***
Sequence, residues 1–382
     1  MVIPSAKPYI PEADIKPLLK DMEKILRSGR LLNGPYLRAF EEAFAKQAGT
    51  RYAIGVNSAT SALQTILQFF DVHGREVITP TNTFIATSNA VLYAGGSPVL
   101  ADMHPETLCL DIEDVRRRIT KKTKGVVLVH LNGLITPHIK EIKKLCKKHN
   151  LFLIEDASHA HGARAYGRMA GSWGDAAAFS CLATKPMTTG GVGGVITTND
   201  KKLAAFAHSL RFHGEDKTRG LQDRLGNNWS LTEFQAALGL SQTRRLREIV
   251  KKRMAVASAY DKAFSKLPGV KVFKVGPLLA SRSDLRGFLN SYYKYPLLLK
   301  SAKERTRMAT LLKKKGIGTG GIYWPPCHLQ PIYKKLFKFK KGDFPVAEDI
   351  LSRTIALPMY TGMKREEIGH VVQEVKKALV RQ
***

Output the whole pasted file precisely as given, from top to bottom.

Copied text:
Sequence, residues 1–382
     1  MVIPSAKPYI PEADIKPLLK DMEKILRSGR LLNGPYLRAF EEAFAKQAGT
    51  RYAIGVNSAT SALQTILQFF DVHGREVITP TNTFIATSNA VLYAGGSPVL
   101  ADMHPETLCL DIEDVRRRIT KKTKGVVLVH LNGLITPHIK EIKKLCKKHN
   151  LFLIEDASHA HGARAYGRMA GSWGDAAAFS CLATKPMTTG GVGGVITTND
   201  KKLAAFAHSL RFHGEDKTRG LQDRLGNNWS LTEFQAALGL SQTRRLREIV
   251  KKRMAVASAY DKAFSKLPGV KVFKVGPLLA SRSDLRGFLN SYYKYPLLLK
   301  SAKERTRMAT LLKKKGIGTG GIYWPPCHLQ PIYKKLFKFK KGDFPVAEDI
   351  LSRTIALPMY TGMKREEIGH VVQEVKKALV RQ